Pension plans and endowments have been trying and failing to outperform the market since the global financial crisis. Richard Ennis, one of the founders of the investment consulting industry, believes that it’s time to go passive.
In his third and concluding paper dissecting the performance of pension funds and endowments over the last few decades, Ennis argued that the way to improve institutional fund performance is to cut down on external managers and shift more assets to low-cost passive strategies. While he conceded that it’s unlikely that endowments will go all in on index funds, Ennis said that aggressively simplifying their portfolios could give them a fighting chance at success.
“My term for the whole of institutional investing as we know it today is The Great Game,” Ennis wrote in the paper. “The Game has many types of participants. All of them — trustees, staff, consultants, investment managers and market-makers of all types — are agents of the stakeholders. The agents have incentives to maintain the status quo, to keep the The Game alive, as it were. It is time for those at the top of the heap of agents — the trustees — to awaken to the realities of contemporary institutional investing and to change the way The Game is played.”
Ennis founded EnnisKnupp, one of the many investment consultants that advised institutional investors on the strategies that he is now critiquing.
Institutions have deployed complex strategies including more expensive alternative investments to not only outperform the market but to protect themselves from market downturns. Endowments, in particular, can’t afford to have their portfolios decline significantly in value from a stock market crash at the same time that their major donors are also experiencing the same thing.
Ennis wrote that these institutions, however, aren’t diversifying correctly.
“Indeed, endowments have been moving in the direction of greater diversification in recent decades,” he wrote. “What they need to do now is replace grossly inefficient diversification approaches with economic diversification. The only way to do this is to introduce a large passive core. A sufficiently large passive core combined with 20 or so actively managed portfolios can achieve sufficient diversification to comport with contemporary institutional diversification standards.”
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According to the paper, a composite of 46 large public funds underperformed a passive benchmark by 1.52 percent each year for the 12 years ending June 30, 2020. The public plans underperformed the benchmark in 11 out of the 12 years.
“The bottom line on public fund performance is that underperformance of 152 bps per year on $4.5 trillion in assets translates to an outright waste of stakeholder value of $68 billion annually, a figure I find astonishing,” Ennis wrote.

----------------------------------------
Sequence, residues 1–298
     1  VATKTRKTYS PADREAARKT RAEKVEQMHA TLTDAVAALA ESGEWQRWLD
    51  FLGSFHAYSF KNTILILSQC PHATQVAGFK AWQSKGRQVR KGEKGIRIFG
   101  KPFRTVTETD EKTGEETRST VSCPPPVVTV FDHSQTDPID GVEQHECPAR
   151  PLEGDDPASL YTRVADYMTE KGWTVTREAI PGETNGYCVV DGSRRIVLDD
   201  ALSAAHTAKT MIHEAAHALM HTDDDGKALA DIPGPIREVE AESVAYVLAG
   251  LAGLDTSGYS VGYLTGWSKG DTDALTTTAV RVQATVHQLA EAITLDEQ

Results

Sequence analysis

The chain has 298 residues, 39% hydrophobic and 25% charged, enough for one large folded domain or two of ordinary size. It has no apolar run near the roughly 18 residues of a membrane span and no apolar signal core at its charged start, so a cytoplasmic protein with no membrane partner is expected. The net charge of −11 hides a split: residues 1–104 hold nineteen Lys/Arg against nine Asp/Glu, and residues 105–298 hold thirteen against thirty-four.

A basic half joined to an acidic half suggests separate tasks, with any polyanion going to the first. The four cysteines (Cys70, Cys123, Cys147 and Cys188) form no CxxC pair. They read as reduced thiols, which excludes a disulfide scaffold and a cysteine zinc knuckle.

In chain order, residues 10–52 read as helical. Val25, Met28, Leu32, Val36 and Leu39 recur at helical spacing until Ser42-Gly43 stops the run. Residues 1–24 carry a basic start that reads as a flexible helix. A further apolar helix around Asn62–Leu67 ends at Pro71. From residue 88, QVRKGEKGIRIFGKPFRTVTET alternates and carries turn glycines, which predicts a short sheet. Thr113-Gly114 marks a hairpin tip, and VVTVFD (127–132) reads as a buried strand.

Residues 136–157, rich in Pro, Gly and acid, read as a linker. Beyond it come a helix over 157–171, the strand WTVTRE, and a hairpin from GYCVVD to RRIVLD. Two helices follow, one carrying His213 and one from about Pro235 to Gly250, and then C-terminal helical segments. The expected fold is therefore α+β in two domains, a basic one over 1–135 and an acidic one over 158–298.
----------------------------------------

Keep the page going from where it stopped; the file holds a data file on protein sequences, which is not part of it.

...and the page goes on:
Ennis found that large institutional investors in the U.S. use far too many managers and pay far too much for them. Institutions pay between 1 and 2 percent of total assets annually in fees and other costs and underperform passive benchmarks by 1.5 to 1.8 percent, according to the paper.
Large endowments have done even worse since the global financial crisis, Ennis said. He cited returns from NACUBO for endowments with more than $1 billion. This group delivered negative excess returns of 1.87 percent over the 12 years ending in June 2020. Ennis said endowments fared worse because they pay more for investments, given their preference for expensive alternatives such as private equity and hedge funds.
But small endowments and other non-profit organizations were hurt the worst by filling their portfolios with alternative and other investments, according to Ennis.
Between 1974 and 2019, a 46 year period, endowments with less than $25 million in assets had negative average annual returns relative to their benchmark. They outperformed by 1 percentage point or more in only three of the 46 years. Ennis attributed their failure to, among other things, having to pay the highest fees, because they lack the size and power to negotiate better rates.
“For nearly half a century, institutions with small endowments have been contributing more than 1 percent of their assets annually to the investment management and brokerage industries without benefit,” Ennis wrote.
The former consultant has some recommendations to try and improve performance at endowments. He suggested that endowments could index two thirds of their stock and bond allocations and have a bucket for actively managed traditional and alternatives funds.
Ennis also said that funds should put the kibosh on certain endowment investing rules that make no sense to him.
“Assume further there are no ‘quotas’ to fill in individual areas of investment, such as placing 10 percent in private equity or 15 percent in hedge funds,” he wrote. “Assume also that the size of the passive core varies with perceived opportunities for profitable active investments.”